There is something suggestively messianic in all of this. Who is this first born of a first born who comes from the First Born of Heaven, Zeus? Who is this humble beggar exuding wisdom, bearing the mark of a prophet, in search of a new relationship with God?

During the symbolic meal Odysseus shares with the swineherd Eumaios, we see an unquestioning willingness by Eumaios to shelter a hungry and homeless man. In his Sermon on the Mount, an occasion involving another symbolic meal, Christ delivered his familiar beatitudes, to feed the hungry, to shelter the homeless. It was on this occasion that Christ startled his followers with a revolutionary declaration of moral responsibility. to love thy neighbour as thyself

That simple moral principle did not preclude the moral freedom to hate and the injustice of Christ's eventual crucifixion as a direct consequence of this heretical moral stance and--stands as poignant example of the consequence of moral freedom.

Homer uses the meal between Odysseus and Eumaios to bring forward an equally startling perception of moral responsibility. The gods living in bliss are fond of no wrongdoing, but honor discipline and right behavior. In other words, do good, practice moderation, and avoid evil: exactly what the evil doing, immoderate suitors were not--the Pharisees of their day.

Do good, practice moderation and avoid evil. Why? For reward? Maybe, but not always. Odysseus--presumably the standard of right behavior--does recover his home, is rewarded and the evil suitors are punished--in a remarkably decisive way. Yet, the injustice of Agamemnon's fate remains unresolved. Furthermore, tens of thousands of virtuous young men bit the dust at Troy and dozens of virtuous men fell to the random acts of the likes of Skylla and Polyphemos--injustices that cause great distress to Odysseus and cause him to weep uncontrollably during the scene Song of the Harper.

The gods may demand right behaviour, but they can not guarantee the right reward. Justice, if it is done, is not always done in ways we might expect. Zeus grants us this or that, or else refrains from granting, as he wills; all things are in his power. Is this inconsistent with an all powerful deity who blames our fall on folly and greed? On the surface, yes, certainly no less than the apparently random acts of the God of the Old Testament. But we need to reconcile this apparent godly impetuousness with Zeus who says, our will is not subject to error. In other words, what we immortals do to mortals may not always appear right, but it is not subject to error.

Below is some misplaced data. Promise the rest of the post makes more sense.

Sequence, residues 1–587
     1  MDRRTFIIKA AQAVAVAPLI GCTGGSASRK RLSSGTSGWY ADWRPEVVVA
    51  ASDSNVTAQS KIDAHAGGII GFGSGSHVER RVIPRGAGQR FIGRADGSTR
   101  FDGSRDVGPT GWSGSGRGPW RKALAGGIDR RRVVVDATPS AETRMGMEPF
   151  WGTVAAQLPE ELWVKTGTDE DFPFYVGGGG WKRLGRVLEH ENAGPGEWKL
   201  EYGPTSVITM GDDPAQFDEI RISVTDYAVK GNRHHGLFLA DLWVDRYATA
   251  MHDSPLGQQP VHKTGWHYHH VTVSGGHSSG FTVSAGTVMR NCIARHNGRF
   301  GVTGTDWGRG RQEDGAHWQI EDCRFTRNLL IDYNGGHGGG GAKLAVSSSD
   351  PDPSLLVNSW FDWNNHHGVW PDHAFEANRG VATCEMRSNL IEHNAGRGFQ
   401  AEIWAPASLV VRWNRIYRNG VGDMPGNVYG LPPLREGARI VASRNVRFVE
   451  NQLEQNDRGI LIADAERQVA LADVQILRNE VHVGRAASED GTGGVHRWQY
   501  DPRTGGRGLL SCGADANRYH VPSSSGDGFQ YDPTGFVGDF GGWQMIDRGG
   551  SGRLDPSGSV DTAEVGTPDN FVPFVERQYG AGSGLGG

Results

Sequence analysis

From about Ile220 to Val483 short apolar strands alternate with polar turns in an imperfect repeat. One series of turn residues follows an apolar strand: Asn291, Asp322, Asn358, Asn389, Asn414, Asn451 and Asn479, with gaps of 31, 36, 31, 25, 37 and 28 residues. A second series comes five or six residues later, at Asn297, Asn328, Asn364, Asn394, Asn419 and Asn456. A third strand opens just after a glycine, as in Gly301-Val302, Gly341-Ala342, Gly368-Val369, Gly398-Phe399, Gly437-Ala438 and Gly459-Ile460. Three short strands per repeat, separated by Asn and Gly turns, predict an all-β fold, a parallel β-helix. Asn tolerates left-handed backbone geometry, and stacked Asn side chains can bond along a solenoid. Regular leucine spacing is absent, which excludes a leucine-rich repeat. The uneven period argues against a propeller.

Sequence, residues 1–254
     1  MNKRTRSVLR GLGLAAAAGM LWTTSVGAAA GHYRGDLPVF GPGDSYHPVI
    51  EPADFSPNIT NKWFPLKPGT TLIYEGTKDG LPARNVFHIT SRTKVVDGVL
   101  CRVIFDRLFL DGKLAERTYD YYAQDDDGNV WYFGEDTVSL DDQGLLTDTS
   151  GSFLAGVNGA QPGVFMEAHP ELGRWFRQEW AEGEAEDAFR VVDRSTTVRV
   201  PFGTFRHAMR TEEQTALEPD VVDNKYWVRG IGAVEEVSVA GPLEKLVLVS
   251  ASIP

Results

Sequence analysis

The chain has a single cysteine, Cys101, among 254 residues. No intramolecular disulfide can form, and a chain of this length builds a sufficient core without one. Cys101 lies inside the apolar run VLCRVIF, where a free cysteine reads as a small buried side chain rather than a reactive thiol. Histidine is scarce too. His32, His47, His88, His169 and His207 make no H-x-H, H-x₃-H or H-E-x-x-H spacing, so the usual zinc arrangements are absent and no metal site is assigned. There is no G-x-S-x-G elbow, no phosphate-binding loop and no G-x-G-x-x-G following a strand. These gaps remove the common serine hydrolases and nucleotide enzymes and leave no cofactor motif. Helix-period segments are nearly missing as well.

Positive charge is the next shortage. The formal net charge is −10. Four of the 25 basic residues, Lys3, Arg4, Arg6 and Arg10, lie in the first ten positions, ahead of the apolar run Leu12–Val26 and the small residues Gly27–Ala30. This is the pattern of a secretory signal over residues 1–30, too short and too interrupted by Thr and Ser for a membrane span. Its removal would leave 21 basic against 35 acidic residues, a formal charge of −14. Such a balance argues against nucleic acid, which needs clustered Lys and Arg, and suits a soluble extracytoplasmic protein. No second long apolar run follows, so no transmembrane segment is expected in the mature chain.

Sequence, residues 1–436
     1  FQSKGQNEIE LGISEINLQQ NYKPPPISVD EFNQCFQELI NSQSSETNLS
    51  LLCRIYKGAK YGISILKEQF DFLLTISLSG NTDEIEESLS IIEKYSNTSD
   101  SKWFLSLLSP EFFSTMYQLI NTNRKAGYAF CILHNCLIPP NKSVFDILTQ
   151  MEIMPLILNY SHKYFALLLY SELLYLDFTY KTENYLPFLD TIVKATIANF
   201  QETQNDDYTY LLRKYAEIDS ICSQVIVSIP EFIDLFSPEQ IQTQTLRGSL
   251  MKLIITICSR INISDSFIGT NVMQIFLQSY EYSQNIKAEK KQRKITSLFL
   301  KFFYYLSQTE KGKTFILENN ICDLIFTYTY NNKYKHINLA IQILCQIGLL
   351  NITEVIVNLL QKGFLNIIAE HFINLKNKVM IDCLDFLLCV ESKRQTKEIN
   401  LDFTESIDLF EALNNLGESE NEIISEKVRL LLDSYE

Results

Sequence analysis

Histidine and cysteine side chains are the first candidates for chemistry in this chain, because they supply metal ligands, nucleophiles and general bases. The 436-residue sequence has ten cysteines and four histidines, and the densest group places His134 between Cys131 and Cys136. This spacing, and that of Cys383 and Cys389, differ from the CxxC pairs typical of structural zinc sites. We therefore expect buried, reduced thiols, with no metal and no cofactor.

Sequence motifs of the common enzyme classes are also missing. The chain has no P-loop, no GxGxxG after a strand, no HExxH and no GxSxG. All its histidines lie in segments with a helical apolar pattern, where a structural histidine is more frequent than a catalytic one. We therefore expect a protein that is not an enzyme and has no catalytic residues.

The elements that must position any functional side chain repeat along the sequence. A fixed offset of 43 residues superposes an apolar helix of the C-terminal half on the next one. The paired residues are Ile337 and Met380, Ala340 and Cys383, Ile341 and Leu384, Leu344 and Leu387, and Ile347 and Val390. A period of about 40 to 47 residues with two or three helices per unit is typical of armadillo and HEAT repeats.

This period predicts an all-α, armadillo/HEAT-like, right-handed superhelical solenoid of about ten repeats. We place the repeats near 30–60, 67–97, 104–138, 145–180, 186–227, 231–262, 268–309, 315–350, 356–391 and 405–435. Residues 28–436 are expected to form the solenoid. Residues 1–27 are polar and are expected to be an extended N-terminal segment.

A Question of Justice

Does Homer himself offer any clues to this Jobian dilemma: Why do the good suffer while the wicked prosper? I've suggested several times here that moral freedom demands this. The gods might deal with injustice in their own immortal courts, but in this world the field of moral freedom must be level: whenever the gods interfere moral programs lose their meaning and humans cease to be free.

That doesn't prevent mortals from addressing the question of justice in human terms. In fact the existence of this horrific dilemma suggests an obligation on our part to do so. Mortal justice then must become a human even sacred moral responsibility. Incidentally, this sets us up for the Oresteia--and in contemporary terms suggests the importance of case study trials such as those of O.J. Simpson and Paul Bernardo.

Where mortal justice fails, and it can because it is mortal, we might take some comfort in the justice of reputation. As Penelope relates: The hard man and his cruelties will be cursed behind his back, and mocked in death. But one whose heart and ways are kind--of him strangers will bear report to the wide world, and distant men will praise him.

In this newly emerging relationship between man and the gods, the gods do of course continue their interventions. But in a new and indirect way that is not incompatible with this idea of freedom and I think similar to the quality of divine intervention observed in the Gospels. The best example of this is Athena's intervention with Telemakhos--in the guise of a mortal friend Mentes--when she put a new spirit in him. Telemakhos still has to get out there and do his thing. However, he knew in his heart his visitor had been mortal. This spirit and heart stuff is a far different form of intervention. The gods--the important ones at least--seem to have abandoned their earth shaking bolt throwing tactics of yesteryear. Let's face it those old time terror tactics are incompatible with free choice. The gods have abandoned brute coercion for gentle persuasion: obscure disguises, symbolic omens and gentle reminders in the form of faith or hope.